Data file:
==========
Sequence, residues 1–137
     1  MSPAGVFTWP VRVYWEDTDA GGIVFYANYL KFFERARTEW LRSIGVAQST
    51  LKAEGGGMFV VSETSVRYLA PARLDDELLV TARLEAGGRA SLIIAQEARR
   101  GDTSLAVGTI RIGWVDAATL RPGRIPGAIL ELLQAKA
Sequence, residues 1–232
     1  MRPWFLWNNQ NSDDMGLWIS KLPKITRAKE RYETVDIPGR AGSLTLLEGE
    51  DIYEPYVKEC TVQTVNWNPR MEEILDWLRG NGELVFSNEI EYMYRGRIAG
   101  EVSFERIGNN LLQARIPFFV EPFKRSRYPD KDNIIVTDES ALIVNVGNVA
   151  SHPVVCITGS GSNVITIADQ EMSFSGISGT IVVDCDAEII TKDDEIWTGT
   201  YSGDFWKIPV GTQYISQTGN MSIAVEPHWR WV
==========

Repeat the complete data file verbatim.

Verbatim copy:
Sequence, residues 1–137
     1  MSPAGVFTWP VRVYWEDTDA GGIVFYANYL KFFERARTEW LRSIGVAQST
    51  LKAEGGGMFV VSETSVRYLA PARLDDELLV TARLEAGGRA SLIIAQEARR
   101  GDTSLAVGTI RIGWVDAATL RPGRIPGAIL ELLQAKA
Sequence, residues 1–232
     1  MRPWFLWNNQ NSDDMGLWIS KLPKITRAKE RYETVDIPGR AGSLTLLEGE
    51  DIYEPYVKEC TVQTVNWNPR MEEILDWLRG NGELVFSNEI EYMYRGRIAG
   101  EVSFERIGNN LLQARIPFFV EPFKRSRYPD KDNIIVTDES ALIVNVGNVA
   151  SHPVVCITGS GSNVITIADQ EMSFSGISGT IVVDCDAEII TKDDEIWTGT
   201  YSGDFWKIPV GTQYISQTGN MSIAVEPHWR WV